Chinese women’s Olympic hockey squad tunes up in Toronto

Hockey is not a popular sport in China but the Chinese women’s Olympic team is fighting to change that.

With some 200 women playing hockey in China, and only five amateur teams across the world’s most populous nation, the sport has next to no public profile. But the head of the Chinese women’s team, Tiande Yu, dreams of one day seeing professional  hockey games on his television in China; he’s negotiating the prospect of this right now.

Convinced the game has the potential to be popular again, as it was in the 1980s, Yu said he is working hard to form a partnership with Canada to bring hockey back to China.

“Our first plan is to make people like the game, second is to send our players to Canada for training,” Yu said. “Chinese hockey cannot develop without Canada’s support.”

To drive the point home, Yu followed the action on Wednesday night as his Chinese nationals fell to the Sir Wilfred Laurier’s Golden Hawks at the Victoria Village Arena. The game was part of a series of ‘friendlies’ being played by the Chinese women in advance of the Vancouver Olympics.

“You want to play better table tennis, you go to China. You want to play better hockey, you go to Canada,” said Yu.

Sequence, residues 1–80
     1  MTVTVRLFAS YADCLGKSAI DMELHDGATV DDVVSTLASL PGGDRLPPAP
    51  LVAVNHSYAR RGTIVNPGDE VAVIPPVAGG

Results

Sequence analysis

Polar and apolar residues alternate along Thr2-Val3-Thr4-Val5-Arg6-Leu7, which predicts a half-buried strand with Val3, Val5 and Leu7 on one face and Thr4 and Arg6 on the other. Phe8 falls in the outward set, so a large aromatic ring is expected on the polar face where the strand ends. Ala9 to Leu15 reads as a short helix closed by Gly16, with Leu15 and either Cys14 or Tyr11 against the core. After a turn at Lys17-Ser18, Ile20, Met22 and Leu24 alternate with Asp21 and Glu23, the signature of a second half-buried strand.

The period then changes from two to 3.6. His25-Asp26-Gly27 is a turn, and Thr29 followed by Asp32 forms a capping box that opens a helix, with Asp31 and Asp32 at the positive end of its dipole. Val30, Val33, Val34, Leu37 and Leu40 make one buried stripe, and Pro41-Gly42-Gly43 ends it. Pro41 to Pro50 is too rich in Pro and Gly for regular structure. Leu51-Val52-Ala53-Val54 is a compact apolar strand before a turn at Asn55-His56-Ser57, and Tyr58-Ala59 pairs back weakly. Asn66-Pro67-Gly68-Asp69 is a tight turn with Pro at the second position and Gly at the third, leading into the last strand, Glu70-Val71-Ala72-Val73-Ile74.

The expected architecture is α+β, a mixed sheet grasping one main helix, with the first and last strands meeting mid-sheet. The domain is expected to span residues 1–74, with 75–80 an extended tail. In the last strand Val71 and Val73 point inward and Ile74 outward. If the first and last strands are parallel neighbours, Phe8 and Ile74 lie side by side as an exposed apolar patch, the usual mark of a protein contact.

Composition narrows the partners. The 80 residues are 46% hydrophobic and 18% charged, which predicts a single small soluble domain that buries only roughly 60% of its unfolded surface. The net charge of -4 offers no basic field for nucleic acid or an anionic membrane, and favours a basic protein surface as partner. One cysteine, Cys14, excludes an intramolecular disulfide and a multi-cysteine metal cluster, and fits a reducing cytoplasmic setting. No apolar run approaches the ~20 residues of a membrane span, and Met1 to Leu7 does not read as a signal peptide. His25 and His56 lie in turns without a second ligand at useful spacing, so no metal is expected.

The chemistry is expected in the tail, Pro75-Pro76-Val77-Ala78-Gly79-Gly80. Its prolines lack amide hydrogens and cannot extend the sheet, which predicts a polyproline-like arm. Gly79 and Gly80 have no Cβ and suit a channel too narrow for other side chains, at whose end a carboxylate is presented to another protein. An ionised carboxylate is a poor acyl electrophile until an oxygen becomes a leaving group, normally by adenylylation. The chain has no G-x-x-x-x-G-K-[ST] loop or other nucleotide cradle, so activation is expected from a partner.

Samantha Scarlett, rinkside with Team China.


With limited amount of ice, which is only available in China’s northern regions, it’s hard to find people who play hockey and even more difficult to pick a team of excellent players, explains Yu.

The women on the team are all born and raised in China and range from 17-21 years old; most were discovered in elementary or middle school.

Because there is very little media attention on the sport, the women had to come across hockey on their own.

“I was walking down the street when I saw a group of people fighting for a hockey puck. I enjoyed skiing  because it was fast and thought skating would be the same. I joined the national team in 2009,” said Dan Ni Han, 19, team China’s goalie.

Canada is a great place for the Chinese team to find their feet and Yu lauds the Canadian game, which he calls more physically demanding than the European game.

Yu’s goal is to bring a Canadian coach to China to provide better training for his team, as well as be able to send his best players to Canada to play and maybe make it into the NHL one day.

About this article

By: Samantha Scarlett
Posted: Jan 27 2010 10:48 pm
Filed under: Hockey News Sports Winter Games